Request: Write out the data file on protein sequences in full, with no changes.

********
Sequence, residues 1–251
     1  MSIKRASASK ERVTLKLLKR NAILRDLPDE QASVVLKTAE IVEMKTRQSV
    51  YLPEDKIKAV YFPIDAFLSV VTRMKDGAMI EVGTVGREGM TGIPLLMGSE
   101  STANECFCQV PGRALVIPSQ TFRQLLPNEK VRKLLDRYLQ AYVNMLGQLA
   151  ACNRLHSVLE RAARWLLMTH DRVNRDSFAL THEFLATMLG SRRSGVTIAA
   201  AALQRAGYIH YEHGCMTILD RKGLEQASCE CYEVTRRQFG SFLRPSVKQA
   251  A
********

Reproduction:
Sequence, residues 1–251
     1  MSIKRASASK ERVTLKLLKR NAILRDLPDE QASVVLKTAE IVEMKTRQSV
    51  YLPEDKIKAV YFPIDAFLSV VTRMKDGAMI EVGTVGREGM TGIPLLMGSE
   101  STANECFCQV PGRALVIPSQ TFRQLLPNEK VRKLLDRYLQ AYVNMLGQLA
   151  ACNRLHSVLE RAARWLLMTH DRVNRDSFAL THEFLATMLG SRRSGVTIAA
   201  AALQRAGYIH YEHGCMTILD RKGLEQASCE CYEVTRRQFG SFLRPSVKQA
   251  A